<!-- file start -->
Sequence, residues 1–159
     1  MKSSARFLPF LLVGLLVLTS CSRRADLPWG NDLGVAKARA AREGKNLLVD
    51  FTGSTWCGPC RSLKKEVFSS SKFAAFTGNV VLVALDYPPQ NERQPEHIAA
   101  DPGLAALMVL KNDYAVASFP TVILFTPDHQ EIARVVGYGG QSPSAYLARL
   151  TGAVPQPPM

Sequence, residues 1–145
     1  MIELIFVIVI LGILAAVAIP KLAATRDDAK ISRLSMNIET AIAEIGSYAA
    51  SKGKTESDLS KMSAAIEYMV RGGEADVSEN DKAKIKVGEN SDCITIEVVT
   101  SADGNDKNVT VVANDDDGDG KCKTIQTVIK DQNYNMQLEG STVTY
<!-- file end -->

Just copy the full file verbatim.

Sequence, residues 1–159
     1  MKSSARFLPF LLVGLLVLTS CSRRADLPWG NDLGVAKARA AREGKNLLVD
    51  FTGSTWCGPC RSLKKEVFSS SKFAAFTGNV VLVALDYPPQ NERQPEHIAA
   101  DPGLAALMVL KNDYAVASFP TVILFTPDHQ EIARVVGYGG QSPSAYLARL
   151  TGAVPQPPM

Sequence, residues 1–145
     1  MIELIFVIVI LGILAAVAIP KLAATRDDAK ISRLSMNIET AIAEIGSYAA
    51  SKGKTESDLS KMSAAIEYMV RGGEADVSEN DKAKIKVGEN SDCITIEVVT
   101  SADGNDKNVT VVANDDDGDG KCKTIQTVIK DQNYNMQLEG STVTY